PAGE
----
Dear Mr. or Mrs. President,
You can’t count every person in the 11.4 million who break the immigration laws. There are too many cases. Too many stories. There are too many stories to listen to for you to judge everyone who wants to come into the States. We are needlessly supporting those eleven million people by giving them access to our jobs and public accommodations. They have a much easier job in evading the collection of taxes, as we do not have documents on them that would give us a hold on them. Approximately $125 billion are being given to illegal immigrants through food stamps, education, and the cost to build the buildings made to accommodate them. However, many of them are hardworking, law-abiding (besides the immigration laws), supporters of a family too big. They are in need of our help and are a critical part of our workforce. How do we work with this massive number of working immigrants, make them feel welcome, but keep ahold of them without violating basic human rights?
We cannot say “Deport everyone from _____.” The only reason we consider this solution is because we are scared of a certain percentage that we believe is from that ethnicity, that religion, or that language. We cannot associate Germans with Hitler, Mexicans with Joaquín Guzmán, or Islamists with Al-Qaeda. If someone gave you a bowl of skittles and told you that while 95% of them would promote your body health, but 5% would kill you, how would you react? Ignore the bowl? Throw them all out? This is similar to our immigration problem. However, if we were to just throw them all out, it would cause such an economic disaster that we would spend several years finding out how to get us back into a functioning country. We also have to be careful of this delicate balance that we need to keep between a functioning economy and stable connections with other countries. If we specifically target the Skittles and only tighten the background checks for them, we would be ignoring the fact that violence and crime also comes from other places.
Our founding fathers set the cornerstones on which our nation was built. They wrote documents that we follow two hundred and forty years later. We still follow the amendments that they set in place. We use them as debate topics "How will you respect the people's right to the Second Amendment?" We use them as indisputable truths, that these are unchangeable rights that we will grant to all citizens. In the Declaration of Independence, they stated that "We hold these truths to be self-evident, that all men are created equal." They had no bias towards those who lived south of them or any solid knowledge of those who lived in Asia. They thought of all people who came to their new-found-land as free Americans. That those who came were to be sheltered and granted the same three unalienable rights; The right to life, liberty, and the pursuit of happiness. We make laws around these rights, make sure that anyone who oppresses another human is punished, and spend $600 billion on a military to ensure that these rights are not threatened by another nation.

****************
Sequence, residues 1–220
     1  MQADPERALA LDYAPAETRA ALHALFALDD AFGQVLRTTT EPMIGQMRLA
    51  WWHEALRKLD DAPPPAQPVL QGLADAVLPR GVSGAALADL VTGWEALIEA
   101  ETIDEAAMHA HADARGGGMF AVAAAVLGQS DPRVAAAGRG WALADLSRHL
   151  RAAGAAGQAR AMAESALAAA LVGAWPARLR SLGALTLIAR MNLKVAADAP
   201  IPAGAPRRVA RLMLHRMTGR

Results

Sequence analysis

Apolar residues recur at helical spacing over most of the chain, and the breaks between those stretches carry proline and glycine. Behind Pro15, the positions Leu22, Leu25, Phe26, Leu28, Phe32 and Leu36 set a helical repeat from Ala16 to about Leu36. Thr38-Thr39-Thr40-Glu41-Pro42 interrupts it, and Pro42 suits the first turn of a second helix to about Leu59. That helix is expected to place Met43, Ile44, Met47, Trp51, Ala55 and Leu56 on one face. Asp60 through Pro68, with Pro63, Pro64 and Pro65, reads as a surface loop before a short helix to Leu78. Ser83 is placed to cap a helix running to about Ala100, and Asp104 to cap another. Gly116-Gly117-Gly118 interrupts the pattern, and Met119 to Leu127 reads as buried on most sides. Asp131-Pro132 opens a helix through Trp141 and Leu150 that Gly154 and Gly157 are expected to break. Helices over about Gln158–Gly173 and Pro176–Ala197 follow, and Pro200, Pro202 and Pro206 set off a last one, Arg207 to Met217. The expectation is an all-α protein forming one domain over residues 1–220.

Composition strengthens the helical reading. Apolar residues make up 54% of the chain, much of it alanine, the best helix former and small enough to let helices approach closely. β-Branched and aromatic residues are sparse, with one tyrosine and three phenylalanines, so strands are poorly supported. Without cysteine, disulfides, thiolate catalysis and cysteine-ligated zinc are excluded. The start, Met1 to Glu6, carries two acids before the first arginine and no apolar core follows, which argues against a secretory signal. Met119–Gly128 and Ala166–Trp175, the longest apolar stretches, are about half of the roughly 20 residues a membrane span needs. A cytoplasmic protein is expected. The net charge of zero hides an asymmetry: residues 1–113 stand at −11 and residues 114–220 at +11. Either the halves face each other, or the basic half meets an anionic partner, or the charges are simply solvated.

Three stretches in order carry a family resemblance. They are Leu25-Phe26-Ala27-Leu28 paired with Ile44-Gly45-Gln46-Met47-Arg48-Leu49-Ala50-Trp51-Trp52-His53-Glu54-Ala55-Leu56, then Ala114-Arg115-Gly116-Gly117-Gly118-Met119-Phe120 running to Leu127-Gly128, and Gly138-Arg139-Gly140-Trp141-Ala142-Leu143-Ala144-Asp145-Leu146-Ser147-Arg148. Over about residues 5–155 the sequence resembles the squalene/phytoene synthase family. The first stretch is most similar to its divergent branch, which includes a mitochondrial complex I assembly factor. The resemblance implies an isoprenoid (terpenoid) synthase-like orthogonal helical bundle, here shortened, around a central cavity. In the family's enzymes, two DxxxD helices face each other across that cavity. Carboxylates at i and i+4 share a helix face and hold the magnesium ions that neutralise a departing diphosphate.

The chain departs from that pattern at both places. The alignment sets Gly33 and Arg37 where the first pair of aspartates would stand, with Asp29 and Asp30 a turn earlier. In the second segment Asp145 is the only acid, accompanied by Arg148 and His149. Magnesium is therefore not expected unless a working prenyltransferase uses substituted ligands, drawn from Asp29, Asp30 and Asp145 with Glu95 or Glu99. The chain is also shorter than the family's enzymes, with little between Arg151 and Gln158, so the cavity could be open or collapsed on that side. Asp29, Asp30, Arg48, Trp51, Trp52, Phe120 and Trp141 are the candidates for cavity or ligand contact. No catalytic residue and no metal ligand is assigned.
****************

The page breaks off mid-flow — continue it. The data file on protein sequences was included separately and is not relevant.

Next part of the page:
Why do we look with eyes clouded while we decline the entrance of hundreds of millions of immigrants, all because of a hundred or so who gave their country a bad name? How confidently can you say that the average illegal immigrant is more prone to breaking the peace within America than someone who's family lines all the way back to the Mayflower? Americans smuggle drugs. Americans own and shoot guns unnecessarily. Why is it that as long as they have a passport, the majority of them are allowed to move to Italy, China, or South America? Those countries welcome us because they don't want to start a feud with such a powerful, rich, and important nation as the US. They don't really have the option to say no, as the United States is such a connected country at the moment. If any other country decided to cut off their connections and trading with America, they would lose quite a lot of money. We aren't incredibly reliant on any one country, and if we did say something bad enough to make another nation turn against us, we would be able to crush them easily in a war.
A big concern for many Americans is that by having these undocumented people coming in and working for less than current low-wage workers means that the unemployment rate would increase. They believe that there aren't immigrants who take the most difficult jobs, that they don't have a good enough skill set to manage jobs that we need to be filled. Many of the undocumented immigrants came by perfectly legal means, and simply overstayed their visas. The way it works is that people from, let say Mexico, come and work for a year or two, then bring their money back to their family. If we make it harder to get over the border, they realize that they might not be able to back to the US if they need to, and decide to keep making money in America until they see a better chance to go and come back. This is a problem that if we don't pay attention to, ends up meaning that there are eleven million people we don't have documents on. If we give them documentation and get them to pay taxes, they can attend a wider range of higher-end schools that check for things like that. Higher-end schools mean that these children of immigrants are more educated, and can have a wider range of opportunity when they start looking for jobs.
We are faced with a choice. Follow the American Dream summed up in the State of Liberty "Give me your tired, your poor, Your huddled masses yearning to breathe free, The wretched refuse of your teeming shore." Or we can isolate ourselves, limit our understanding of one another, and break one of the most prominent cornerstones on which America, the Land of the Free, was built.